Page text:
Graduate school study of parasite inspires passion for teaching science
Sandeep Ravindran advanced the understanding of Toxoplasma.
For Sandeep Ravindran, one of the best parts of being a Stanford graduate student had nothing to do with the lab.
In 2008, Ravindran participated in the 'Stanford at the Tech' program, which lets graduate students spend one morning a week teaching the public about genetics at the Tech Museum of Innovation in San Jose. 'I loved being able to get out of the lab and actually talk about science with the general public,' said Ravindran. 'People had way more knowledge than I expected, but they also had big gaps in their understanding.'
To help fill those gaps, Ravindran, 27, drew on his expertise as a graduate student in microbiology and immunology. For his thesis, he studied how the parasite Toxoplasma gondii secretes proteins, called effectors, to take over a host cell. Although about 30 percent of the world's population is infected with Toxoplasma, scientists still have much to discover about how the bug invades human cells.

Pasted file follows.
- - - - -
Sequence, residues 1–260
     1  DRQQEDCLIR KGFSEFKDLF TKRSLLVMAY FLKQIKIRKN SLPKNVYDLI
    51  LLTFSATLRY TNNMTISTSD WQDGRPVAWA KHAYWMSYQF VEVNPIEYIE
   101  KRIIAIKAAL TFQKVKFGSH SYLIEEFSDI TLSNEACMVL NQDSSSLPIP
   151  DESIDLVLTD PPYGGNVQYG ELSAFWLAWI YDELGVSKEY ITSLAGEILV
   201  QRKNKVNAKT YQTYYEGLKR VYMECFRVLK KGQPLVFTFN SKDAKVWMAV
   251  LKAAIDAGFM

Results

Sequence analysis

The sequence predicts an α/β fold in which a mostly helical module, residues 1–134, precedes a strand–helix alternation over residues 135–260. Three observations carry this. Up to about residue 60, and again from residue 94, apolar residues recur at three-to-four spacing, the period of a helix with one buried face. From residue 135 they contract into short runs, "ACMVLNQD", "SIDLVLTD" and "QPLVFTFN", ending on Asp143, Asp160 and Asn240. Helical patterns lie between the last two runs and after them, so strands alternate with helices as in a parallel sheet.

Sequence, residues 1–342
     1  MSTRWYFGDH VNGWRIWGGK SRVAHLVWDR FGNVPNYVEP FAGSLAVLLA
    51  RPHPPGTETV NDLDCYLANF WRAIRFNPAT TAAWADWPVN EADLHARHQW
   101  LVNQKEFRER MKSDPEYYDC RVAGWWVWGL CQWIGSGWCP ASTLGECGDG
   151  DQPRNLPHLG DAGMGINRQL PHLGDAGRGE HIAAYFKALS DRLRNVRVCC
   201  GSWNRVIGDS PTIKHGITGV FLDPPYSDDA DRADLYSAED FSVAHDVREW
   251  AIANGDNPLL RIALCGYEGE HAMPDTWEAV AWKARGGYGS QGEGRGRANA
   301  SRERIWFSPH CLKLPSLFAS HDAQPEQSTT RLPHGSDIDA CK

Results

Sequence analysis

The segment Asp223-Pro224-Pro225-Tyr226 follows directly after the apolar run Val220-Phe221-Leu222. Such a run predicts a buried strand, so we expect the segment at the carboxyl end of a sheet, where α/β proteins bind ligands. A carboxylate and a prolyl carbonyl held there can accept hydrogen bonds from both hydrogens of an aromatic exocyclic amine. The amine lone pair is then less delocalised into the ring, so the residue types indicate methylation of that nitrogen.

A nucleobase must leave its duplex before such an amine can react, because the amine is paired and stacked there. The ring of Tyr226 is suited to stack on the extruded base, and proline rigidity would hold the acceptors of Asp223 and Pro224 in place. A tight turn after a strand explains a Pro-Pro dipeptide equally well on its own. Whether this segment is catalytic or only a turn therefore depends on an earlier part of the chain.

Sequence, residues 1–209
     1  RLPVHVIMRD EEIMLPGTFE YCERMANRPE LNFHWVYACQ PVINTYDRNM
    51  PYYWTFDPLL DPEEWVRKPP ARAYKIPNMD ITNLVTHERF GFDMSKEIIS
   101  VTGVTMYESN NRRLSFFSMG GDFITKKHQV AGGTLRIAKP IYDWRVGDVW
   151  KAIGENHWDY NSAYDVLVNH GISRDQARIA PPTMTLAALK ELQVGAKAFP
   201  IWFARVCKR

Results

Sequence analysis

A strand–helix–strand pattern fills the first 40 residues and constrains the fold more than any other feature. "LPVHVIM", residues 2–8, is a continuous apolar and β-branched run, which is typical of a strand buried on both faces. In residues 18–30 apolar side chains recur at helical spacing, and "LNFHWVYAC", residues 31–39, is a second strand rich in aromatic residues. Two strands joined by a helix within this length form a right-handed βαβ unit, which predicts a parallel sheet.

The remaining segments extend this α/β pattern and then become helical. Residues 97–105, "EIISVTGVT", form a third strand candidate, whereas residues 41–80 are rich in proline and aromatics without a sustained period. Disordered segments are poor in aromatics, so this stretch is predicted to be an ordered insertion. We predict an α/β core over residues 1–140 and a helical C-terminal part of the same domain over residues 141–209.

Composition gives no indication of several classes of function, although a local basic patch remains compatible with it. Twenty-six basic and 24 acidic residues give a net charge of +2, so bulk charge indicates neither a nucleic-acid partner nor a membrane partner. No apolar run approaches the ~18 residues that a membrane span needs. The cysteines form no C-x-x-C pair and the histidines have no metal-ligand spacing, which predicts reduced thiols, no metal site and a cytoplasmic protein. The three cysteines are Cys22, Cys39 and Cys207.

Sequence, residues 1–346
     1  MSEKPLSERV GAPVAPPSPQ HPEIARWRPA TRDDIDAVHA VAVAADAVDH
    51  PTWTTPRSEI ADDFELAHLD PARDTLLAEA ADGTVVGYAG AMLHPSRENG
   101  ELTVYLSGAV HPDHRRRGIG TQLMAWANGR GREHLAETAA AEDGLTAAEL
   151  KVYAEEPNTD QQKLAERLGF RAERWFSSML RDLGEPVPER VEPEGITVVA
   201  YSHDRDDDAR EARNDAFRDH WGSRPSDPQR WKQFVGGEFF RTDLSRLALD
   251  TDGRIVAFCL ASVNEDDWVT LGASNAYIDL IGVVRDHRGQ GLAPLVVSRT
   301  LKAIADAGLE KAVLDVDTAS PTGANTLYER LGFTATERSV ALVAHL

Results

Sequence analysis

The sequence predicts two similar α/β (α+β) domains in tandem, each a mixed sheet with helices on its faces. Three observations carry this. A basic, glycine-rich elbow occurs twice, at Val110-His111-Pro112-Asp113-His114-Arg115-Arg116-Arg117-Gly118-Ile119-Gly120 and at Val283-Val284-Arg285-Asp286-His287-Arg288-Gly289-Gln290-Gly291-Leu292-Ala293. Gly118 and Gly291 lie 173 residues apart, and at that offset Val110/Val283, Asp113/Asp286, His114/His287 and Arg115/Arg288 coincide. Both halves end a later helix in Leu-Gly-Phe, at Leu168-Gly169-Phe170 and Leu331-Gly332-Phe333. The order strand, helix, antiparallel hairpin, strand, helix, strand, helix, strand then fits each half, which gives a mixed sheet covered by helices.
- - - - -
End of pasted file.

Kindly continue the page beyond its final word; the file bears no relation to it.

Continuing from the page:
'When I started, there was little known about how this parasite secretes proteins into host cells, and no one was really studying it,' he said. 'I was intrigued by how little we understood.'
Working in the lab of John Boothroyd, PhD, professor of microbiology and immunology, Ravindran discovered a chemical that blocks secretion of Toxoplasma effector proteins and prevents the bug from causing infection. Then, taking advantage of the collaborative nature of Stanford's graduate program, he spent three months in a neighboring chemistry lab synthesizing a new form of the drug.
Although Ravindran's chemical is too toxic to be used as a clinical treatment, his discovery taught scientists a lot about the basic biology of parasitic infections. 'Toxoplasma is a close cousin of the parasite that causes malaria,' Ravindran said. 'So by learning how to block Toxoplasma, we may also learn how to interrupt the malaria cycle.'
Ravindran enjoyed working in the lab, but he says he found his calling at the Tech Museum, while teaching first graders how to extract DNA from beef. 'I've always been interested in writing and communicating about science, but the Stanford Tech program really solidified my interest in popularizing science.'
After graduation, Ravindran plans to take his passion for educating the public about science one step further by becoming a science writer in New York City.
Hadley Leggett was a science-writing intern in the medical school's Office of Communication & Public Affairs.
Stanford Medicine integrates research, medical education and health care at its three institutions - Stanford University School of Medicine, Stanford Health Care (formerly Stanford Hospital & Clinics), and Lucile Packard Children's Hospital Stanford. For more information, please visit the Office of Communication & Public Affairs site at http://mednews.stanford.edu.